What was the reason for making the book? Who do you think it appeals to? Do you think that the book has a universal message, or is it meant for a specific audience?
I made the book three years ago, at the time when I just returned from another two month stay in Israel. I witnessed the social protest in the summer of 2011, and it was right before Abbas’ bid for statehood at the UN. There was a huge tension in the country, and it felt like things would change soon. I wanted to preserve that very moment when I was there. I did that by illustrating photos that I took. I’m showing a very specific time in a very specific place.
Unlike other comic artists before who also made graphic novels about Israel, I’m not trying to explain how the country works and what the conflict is about. Reading This is not Uganda requires a basic knowledge of the political context. You won’t get the first part of the book if you never heard the name Theodor Herzl before.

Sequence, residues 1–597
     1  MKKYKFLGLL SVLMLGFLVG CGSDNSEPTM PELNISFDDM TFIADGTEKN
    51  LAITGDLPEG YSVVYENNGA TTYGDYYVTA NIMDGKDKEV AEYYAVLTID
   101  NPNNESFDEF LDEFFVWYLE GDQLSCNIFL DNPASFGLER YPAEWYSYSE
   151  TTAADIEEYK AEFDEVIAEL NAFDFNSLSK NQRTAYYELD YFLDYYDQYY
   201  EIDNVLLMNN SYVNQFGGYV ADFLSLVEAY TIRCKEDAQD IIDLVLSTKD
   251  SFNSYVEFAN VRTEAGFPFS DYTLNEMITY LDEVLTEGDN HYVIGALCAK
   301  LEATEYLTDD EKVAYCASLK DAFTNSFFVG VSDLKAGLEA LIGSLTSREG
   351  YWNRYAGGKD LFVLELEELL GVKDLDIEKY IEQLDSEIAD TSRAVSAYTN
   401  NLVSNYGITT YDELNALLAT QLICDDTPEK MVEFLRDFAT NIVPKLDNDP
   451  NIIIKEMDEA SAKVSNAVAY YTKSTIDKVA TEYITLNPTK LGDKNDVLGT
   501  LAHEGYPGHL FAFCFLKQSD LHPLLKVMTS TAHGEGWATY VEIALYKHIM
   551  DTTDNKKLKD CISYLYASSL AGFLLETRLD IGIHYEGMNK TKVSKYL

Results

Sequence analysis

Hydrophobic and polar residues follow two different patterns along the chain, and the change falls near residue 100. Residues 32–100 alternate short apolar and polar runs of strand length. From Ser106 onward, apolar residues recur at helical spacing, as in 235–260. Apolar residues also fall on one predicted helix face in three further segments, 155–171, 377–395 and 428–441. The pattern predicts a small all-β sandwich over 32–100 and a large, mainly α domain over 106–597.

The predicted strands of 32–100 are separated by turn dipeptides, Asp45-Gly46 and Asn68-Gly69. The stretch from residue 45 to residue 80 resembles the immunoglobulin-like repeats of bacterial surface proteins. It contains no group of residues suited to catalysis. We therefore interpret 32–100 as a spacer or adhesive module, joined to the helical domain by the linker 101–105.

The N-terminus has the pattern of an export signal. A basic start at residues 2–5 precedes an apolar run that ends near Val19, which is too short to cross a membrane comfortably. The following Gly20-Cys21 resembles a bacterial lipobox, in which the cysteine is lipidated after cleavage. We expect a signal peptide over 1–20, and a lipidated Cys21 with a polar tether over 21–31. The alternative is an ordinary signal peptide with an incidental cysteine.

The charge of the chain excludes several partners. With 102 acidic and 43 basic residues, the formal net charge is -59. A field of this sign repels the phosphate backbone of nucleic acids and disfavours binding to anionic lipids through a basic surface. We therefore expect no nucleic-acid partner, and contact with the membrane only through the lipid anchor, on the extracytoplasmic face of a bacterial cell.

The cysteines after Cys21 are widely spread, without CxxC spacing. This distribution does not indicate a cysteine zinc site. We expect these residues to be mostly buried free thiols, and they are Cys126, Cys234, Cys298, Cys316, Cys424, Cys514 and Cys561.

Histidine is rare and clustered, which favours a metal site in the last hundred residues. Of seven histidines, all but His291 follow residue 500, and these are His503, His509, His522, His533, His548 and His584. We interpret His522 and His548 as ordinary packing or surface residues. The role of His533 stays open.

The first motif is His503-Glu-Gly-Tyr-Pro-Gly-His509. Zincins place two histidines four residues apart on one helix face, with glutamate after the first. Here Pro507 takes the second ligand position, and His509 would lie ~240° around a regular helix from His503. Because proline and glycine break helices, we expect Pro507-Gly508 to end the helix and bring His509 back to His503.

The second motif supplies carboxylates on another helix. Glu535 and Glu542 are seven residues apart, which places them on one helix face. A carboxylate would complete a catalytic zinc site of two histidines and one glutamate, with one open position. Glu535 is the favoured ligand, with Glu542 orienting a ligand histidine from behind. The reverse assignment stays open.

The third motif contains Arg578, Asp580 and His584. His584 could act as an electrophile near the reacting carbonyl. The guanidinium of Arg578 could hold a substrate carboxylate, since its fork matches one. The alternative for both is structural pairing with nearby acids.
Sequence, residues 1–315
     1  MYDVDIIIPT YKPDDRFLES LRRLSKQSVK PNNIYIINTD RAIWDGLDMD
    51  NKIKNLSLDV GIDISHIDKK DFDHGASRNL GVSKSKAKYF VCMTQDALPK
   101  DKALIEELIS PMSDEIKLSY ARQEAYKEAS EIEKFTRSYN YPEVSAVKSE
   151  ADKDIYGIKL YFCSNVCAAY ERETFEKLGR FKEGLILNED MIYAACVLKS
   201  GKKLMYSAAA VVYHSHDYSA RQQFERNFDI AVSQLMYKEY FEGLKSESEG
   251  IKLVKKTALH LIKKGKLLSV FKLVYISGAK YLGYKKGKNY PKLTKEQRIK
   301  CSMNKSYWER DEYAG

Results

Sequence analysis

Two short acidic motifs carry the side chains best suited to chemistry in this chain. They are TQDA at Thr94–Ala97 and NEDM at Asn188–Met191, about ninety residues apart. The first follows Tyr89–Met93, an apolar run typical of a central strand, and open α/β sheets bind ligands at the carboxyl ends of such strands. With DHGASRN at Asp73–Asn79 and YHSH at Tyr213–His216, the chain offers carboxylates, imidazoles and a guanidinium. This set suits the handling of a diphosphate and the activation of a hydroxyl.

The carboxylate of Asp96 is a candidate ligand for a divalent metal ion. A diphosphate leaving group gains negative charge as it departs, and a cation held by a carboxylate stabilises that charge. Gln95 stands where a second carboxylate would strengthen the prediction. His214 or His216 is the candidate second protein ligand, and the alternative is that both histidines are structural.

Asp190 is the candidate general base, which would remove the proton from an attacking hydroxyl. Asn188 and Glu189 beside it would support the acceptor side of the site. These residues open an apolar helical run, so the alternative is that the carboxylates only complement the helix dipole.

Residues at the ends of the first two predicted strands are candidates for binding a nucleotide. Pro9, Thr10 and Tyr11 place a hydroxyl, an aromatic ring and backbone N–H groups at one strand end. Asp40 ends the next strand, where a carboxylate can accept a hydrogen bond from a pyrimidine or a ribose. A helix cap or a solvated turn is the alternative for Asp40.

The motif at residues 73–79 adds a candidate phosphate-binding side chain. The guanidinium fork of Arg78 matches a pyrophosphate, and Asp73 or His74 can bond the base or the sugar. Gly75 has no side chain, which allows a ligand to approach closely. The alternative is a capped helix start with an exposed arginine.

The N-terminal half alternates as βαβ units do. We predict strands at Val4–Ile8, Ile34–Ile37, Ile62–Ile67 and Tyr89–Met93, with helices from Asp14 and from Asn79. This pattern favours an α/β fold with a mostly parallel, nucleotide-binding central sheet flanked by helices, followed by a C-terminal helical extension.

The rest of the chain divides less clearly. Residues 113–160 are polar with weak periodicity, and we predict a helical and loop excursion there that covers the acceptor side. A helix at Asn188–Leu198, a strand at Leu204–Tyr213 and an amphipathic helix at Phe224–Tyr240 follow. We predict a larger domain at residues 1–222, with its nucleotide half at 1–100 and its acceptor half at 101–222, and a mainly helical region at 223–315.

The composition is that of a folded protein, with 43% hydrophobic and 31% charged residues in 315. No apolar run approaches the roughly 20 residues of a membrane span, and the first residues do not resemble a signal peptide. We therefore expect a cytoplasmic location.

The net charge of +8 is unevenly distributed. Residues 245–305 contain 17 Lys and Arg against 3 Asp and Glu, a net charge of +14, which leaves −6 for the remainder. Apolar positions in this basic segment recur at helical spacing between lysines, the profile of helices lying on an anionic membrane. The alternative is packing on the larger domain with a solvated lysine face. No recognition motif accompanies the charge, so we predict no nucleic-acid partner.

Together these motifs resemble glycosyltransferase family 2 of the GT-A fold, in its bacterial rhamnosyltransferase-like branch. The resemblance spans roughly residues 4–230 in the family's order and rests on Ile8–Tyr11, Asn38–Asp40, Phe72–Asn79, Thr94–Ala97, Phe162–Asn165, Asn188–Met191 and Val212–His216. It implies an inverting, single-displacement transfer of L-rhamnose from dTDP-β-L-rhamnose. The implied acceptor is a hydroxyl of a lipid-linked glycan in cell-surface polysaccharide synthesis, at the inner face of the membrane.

I do think that there is something like a universal message though. In general, I want people to look closely, to include different aspects to their judgments. Questioning those Western clichés of kids throwing stones with rage, when there’s also kids playing with fire out of boredom.
How has your book been received in Germany? I know that there are sometimes problems when it comes to speaking out about Palestine and Israeli abuses, even within the left. When I lived there, I encountered a number of Antideutsch who were upset because they expected me to be on their side. It was very strange.